Omar and Allison live in Plano, Texas, with their two teenage daughters, Sydney and Samantha.
Omar's time at Baylor overlapped with his sister, Mona, who chose Baylor over schools like Sweet Briar, Brown and Virginia because Omar seemed so happy in Waco. Here, Mona flourished as part of Student Foundation and Alpha Delta Pi.
Influenced by a host of professors, Mona switched from pre-med to English after coming back from a Baylor in the British Isles trip.
"I was just so impressed with my professors -- great Christian role models, people like Ann and Robert Miller, Jim and Betsy Vardaman, Andy and Rachel Moore, Tommye Lou Davis, Bill Pitts, Martha Lou Scott, Bill Hillis, Ann Karaffa, Maurice Hunt, Dianna Vitanza, and a lot of others," says Mona. "And I knew that I loved English literature, and I also loved working with youth. I thought maybe I could make a career out of it."
After graduation, Mona taught for nine years at Waxahachie High School and earned her master's degree at University of Dallas. She earned her doctorate in 2000 from Baylor, where she has taught ever since. Today she is a senior lecturer with a dual appointment in the College of Arts and Sciences (English department) and the School of Education, teaching literature and advanced grammar as well as curriculum and instruction. Choucair considers herself very lucky to hold her unique position.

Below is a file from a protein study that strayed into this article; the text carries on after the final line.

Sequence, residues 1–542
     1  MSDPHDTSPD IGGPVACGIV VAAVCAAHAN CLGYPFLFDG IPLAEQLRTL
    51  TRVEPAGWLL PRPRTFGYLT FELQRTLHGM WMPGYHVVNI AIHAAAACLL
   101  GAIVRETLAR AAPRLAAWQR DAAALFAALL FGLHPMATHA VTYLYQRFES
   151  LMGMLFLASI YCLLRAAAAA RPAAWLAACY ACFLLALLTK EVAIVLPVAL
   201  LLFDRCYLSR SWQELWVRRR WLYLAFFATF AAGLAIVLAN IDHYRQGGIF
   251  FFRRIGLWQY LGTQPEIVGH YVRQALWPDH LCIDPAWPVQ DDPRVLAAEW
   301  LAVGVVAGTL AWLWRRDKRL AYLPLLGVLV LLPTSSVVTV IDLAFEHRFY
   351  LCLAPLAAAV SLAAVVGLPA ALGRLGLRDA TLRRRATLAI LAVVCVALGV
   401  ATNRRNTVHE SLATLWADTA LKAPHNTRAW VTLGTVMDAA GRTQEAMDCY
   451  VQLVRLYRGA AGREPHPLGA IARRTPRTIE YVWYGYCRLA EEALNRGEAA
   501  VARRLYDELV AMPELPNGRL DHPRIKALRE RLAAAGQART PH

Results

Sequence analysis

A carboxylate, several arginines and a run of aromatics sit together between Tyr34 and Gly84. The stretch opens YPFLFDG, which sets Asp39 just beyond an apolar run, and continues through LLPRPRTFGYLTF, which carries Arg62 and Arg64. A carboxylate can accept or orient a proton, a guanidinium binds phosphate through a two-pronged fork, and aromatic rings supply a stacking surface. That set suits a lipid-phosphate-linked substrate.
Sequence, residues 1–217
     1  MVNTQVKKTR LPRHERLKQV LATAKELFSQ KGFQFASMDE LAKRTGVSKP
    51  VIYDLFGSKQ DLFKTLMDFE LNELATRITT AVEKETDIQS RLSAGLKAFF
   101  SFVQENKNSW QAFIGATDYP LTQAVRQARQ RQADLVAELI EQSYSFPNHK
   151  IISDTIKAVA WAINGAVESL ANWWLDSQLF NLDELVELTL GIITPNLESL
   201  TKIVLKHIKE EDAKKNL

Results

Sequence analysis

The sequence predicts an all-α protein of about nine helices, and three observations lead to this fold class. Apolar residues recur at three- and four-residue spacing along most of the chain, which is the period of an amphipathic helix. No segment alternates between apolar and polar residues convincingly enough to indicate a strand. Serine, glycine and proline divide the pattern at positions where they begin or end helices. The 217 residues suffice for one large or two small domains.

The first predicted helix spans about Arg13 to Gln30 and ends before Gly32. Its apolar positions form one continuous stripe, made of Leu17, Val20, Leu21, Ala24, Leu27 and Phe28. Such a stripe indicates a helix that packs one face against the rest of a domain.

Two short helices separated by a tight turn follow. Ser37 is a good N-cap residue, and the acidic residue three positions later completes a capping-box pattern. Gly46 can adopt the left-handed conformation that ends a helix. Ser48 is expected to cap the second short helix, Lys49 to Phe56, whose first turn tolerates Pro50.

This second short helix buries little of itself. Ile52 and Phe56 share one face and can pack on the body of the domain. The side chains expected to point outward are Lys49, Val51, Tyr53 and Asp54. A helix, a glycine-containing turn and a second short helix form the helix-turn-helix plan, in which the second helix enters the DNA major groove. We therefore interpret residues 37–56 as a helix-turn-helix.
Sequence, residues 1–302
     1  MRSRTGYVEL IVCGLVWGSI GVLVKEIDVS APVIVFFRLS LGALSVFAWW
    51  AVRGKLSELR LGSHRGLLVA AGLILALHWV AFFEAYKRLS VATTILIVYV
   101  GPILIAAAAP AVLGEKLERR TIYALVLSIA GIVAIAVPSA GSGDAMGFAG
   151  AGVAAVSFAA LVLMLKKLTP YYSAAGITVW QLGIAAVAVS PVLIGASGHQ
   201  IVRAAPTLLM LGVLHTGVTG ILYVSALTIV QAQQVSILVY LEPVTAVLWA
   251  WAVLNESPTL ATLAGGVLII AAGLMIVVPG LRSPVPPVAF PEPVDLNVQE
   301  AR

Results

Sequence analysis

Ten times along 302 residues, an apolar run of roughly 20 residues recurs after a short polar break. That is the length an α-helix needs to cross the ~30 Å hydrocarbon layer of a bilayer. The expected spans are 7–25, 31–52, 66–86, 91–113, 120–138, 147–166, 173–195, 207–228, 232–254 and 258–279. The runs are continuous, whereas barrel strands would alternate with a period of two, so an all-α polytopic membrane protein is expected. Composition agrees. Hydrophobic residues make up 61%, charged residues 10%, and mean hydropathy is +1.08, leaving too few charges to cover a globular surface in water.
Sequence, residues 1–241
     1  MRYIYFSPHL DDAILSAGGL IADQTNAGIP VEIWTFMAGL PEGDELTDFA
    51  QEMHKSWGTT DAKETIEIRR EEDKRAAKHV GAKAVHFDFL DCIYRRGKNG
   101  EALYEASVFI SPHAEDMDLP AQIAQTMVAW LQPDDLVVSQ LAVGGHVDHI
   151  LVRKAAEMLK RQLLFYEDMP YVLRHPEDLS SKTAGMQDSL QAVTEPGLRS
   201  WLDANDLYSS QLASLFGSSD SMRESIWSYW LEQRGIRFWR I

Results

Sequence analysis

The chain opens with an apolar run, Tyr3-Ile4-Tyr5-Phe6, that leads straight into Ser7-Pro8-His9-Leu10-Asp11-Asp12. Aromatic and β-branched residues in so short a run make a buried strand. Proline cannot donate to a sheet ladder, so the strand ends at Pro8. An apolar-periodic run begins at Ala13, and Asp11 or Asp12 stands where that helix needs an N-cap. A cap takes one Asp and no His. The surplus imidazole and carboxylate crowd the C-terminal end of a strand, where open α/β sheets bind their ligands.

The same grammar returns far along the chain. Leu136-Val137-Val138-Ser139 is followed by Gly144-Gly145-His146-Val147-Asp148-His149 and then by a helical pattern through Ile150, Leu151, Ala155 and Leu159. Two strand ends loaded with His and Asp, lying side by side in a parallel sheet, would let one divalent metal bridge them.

"I love walking into a classroom. It's my passion, and I hope it's contagious," Mona says. "I just love the relationships. I love that literature doesn't have one answer, that there are many angles and perspectives when we come to a piece of literature. We can analyze it and talk about it. I love the fact that literature mimics life, and that we can talk about our spiritual lives and our real-life issues along with literature."
Choucair's classes are among the most popular on campus. In 2008, Baylor seniors voted her the Collins Outstanding Professor, given annually to an extraordinary teacher at Baylor. Often during her office hours, a long line of students meanders outside her door.
"I love that part of my job, and I love that just like I used to go into my professors' offices, my door is open," says Choucair. "I consider it an honor when they come by. I think we owe it to the parents because we are a Christian community. And we talk about life behind those doors.